Allison's Book Bag

Posts Tagged ‘Linda Kingsley

Without being sentimental, Blue Skies for Lupe narrates the story of a girl with spina bifida who left her native Mexico for California when she was only a baby tucked in her mother’s shawl. Author Linda Kurtz Kingsley has skillfully turned interviews with Lupe and her mother into a sweet and realistic story of perseverance in the face of physical challenges. Moreover, Kingsley’s bright watercolors beautifully capture the colorful landscapes and people in Lupe’s life.

“When I was born,” Lupe says, “I wasn’t perfect. My spine stuck out, my head was too big, and my body was too small.” Doctors told her mother that Lupe would never walk because she has spina bifida. Right from the start, Lupe’s Mami encouraged her ear, “Just you wait. You’ll do fine.” Those weren’t hollow words either. When Lupe’s Mami heard that American doctors were best, she carried Lupe across the Mexican desert and into California. Unfortunately, the doctors couldn’t help. Instead when Lupe’s legs stayed short and weak, while her friends’ legs grew longer and stronger, Lupe received a wheelchair and an aide to help her. Lupe also learned, among other things, how to use a whiteboard and marker so she could complete and show her schoolwork. In response to every adversity, with the help of family and friends, Lupe learned to do things in her own way and did just fine. As such, Lupe serves as an example to all of us how to be ourselves and to follow our dreams, a message that I appreciate both as a reader and as a special education teacher.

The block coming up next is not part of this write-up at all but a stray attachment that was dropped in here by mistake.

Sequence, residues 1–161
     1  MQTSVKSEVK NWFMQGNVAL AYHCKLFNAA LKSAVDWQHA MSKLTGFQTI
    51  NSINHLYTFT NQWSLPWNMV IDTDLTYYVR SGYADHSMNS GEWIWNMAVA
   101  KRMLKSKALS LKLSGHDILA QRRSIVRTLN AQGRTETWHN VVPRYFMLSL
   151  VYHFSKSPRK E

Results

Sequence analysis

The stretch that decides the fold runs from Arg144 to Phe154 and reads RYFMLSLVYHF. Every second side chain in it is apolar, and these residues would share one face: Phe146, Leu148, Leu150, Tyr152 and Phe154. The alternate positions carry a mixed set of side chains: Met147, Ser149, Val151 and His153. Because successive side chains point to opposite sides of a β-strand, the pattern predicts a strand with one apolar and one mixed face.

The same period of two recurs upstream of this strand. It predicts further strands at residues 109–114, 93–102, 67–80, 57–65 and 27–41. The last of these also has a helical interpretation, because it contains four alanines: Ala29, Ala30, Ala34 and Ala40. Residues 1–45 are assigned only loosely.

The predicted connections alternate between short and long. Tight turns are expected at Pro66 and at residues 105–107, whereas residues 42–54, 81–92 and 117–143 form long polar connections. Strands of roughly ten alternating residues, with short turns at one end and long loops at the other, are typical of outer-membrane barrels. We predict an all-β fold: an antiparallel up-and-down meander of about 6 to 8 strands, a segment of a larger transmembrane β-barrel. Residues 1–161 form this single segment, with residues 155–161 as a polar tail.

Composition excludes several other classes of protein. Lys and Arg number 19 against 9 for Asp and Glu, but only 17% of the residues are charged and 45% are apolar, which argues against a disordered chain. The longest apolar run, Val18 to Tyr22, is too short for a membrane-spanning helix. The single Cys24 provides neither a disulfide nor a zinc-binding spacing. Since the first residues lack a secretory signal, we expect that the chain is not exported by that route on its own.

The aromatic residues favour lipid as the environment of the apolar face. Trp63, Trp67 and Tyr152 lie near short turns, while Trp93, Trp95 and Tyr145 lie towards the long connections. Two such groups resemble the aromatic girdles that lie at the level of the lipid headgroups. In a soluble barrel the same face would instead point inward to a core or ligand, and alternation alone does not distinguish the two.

“Cielito Lindo … means beautiful little sky, and the California sky was beautiful … like the skies in Mexico.” Blue Skies for Lupe isn’t just about overcoming a disability, but is also a tribute to Lupe’s Mexican heritage. In America, Lupe’s mother got a job as a crop-picker. While she worked, Mami would sing the aforementioned song: Cielito Lindo. At school, Lupe’s aide translated the English of teachers and classmates into Spanish so Lupe could understand what was being spoken. And, on May 5th every year, Lupe’s class would celebrate the Mexican holiday Cinco de Mayo. Without being blatant, Kingsley has quietly shown respect for Lupe’s Mexican heritage. The picture book even concludes with a short glossary of Spanish-language vocabulary featured in the story. Both as a reader and as a teacher in a diverse school district, I appreciate these multicultural details.

A retired teacher, Kingsley draws on her experience with special-needs young people to write an inspiring true story, with lessons about the value of both hard work and a supportive community for those who face physical challenges. The back pages of Blue Skies for Lupe conclude with an update on an update on Lupe’s accomplishments and optimistic future plans.

My rating? Bag it: Carry it with you. Make it a top priority to read.

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